For Whom the Bell Tolls
by Ernest Hemingway
Analysis: What's Up With the Epigraph?
Epigraphs are like little appetizers to the great entrée of a story. They illuminate important aspects of the story, and they get us headed in the right direction.
No man is an Iland, intire of it selfe; every man is a peece of the Continent, a part of the maine; if a Clod bee washed away by the Sea, Europe is the lesse, as well as if a Promontorie were, as well as if a Mannor of thy friends or of thine owne were; any mans death diminishes me, because I am involved in Mankinde; And therefore never send to know for whom the bell tolls; It tolls for thee.
Hemingway didn't pick John Donne for the epigraph just to get a weighty sounding title out of it, nor because he thought the spelling was amusing (though both may have been factors). More important is that the epigraph makes a philosophical point that is central to the book. Simply put, the idea is that no individual person is really all "on their own," but always bound up with other people. In some way, every other person is a part of your own self, of who you really are – so when another person is lost, we lose something too. Hence the idea that whenever the bell tolls, it tolls for you – whenever somebody dies, it's as if a part of you dies (there's death again).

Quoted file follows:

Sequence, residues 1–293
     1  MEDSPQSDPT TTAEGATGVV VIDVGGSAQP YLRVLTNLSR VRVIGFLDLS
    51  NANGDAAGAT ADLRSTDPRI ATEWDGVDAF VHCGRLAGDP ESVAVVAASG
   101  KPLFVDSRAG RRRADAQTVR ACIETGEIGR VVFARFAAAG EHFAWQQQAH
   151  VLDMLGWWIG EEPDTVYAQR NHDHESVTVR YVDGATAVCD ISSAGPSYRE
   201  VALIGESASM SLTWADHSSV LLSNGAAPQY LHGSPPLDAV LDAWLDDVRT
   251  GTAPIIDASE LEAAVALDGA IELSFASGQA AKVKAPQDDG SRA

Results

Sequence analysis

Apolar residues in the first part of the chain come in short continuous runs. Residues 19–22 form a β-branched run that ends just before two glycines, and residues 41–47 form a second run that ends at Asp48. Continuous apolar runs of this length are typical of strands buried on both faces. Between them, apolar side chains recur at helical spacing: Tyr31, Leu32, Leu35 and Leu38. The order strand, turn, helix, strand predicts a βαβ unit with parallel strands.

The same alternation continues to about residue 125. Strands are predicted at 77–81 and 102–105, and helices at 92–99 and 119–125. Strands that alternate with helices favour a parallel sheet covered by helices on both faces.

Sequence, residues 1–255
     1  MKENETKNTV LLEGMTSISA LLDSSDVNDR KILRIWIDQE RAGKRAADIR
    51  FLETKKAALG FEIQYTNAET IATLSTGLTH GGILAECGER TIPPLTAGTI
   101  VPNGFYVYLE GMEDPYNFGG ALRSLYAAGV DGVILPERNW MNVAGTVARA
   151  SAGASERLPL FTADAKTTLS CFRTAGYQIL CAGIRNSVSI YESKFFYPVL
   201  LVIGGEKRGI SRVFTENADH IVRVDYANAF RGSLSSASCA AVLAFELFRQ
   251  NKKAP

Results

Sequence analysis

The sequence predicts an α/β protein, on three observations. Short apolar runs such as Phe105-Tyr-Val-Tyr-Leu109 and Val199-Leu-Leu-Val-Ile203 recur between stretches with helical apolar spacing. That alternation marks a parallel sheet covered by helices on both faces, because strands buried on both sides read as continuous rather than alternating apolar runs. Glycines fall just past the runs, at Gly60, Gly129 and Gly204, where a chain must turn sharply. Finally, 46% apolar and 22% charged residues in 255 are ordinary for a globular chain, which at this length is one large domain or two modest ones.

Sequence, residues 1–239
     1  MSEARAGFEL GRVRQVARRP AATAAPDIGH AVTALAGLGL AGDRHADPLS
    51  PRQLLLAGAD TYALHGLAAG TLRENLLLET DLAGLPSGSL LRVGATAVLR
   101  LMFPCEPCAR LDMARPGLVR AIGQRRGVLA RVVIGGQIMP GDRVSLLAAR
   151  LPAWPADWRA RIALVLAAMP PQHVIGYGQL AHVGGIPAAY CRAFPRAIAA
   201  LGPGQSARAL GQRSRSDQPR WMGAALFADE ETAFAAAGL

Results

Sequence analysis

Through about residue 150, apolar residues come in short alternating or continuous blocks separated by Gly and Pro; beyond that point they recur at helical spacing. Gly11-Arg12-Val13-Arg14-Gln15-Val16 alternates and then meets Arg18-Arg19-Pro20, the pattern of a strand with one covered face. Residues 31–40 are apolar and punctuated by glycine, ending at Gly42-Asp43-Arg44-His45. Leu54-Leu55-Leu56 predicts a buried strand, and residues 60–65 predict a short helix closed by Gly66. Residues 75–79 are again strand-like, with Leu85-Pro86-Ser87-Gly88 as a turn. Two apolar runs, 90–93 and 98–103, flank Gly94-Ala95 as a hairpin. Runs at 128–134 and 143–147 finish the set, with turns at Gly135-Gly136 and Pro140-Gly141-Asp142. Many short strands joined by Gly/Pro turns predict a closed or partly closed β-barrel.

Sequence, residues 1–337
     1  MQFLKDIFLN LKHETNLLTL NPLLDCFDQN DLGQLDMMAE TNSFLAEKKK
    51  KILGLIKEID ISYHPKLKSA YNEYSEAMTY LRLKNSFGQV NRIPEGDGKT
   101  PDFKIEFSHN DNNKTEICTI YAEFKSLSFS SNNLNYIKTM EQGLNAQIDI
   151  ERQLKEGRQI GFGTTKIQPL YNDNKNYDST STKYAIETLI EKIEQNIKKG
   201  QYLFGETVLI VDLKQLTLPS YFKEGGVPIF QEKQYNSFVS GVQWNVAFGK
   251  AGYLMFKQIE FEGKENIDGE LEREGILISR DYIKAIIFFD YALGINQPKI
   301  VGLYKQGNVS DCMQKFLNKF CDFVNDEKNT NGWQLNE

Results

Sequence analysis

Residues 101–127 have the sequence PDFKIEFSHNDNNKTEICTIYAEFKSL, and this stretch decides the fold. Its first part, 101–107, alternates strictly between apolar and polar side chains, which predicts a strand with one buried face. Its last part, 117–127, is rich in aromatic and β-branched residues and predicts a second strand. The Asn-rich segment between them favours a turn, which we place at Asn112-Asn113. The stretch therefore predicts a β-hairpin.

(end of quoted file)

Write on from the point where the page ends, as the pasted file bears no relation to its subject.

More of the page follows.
Pretty deep – Donne isn't called a "metaphysical poet" for nothing (Check out Shmoop Poetry to see what we mean). And if you thought that Hemingway was just a tough guy with tough little pill-like sentences, think again. There's a lot more to the book than that, such as the question of whether human beings really do live in communion with each other.
What do you think of that idea? Perhaps it makes sense when applied to one's lover, or friends, or family – all of those relationships play a very significant part in Robert Jordan's sense of self. But does it really extend to everyone else, to all of "Mankinde," including the very enemies who are fighting against you in a war and killing your own loved ones?
Donne's vision of human communion sounds nice and pretty in the abstract (that is, as an idea removed from reality), but in the face of reality, and especially in the face of war, it runs up against some major issues. You might not want to simply assume that Hemingway agrees with his epigraph. Perhaps the book's title is asking whether Donne's idea is actually true. But don't assume he just rejects it either. It might be a bit of both.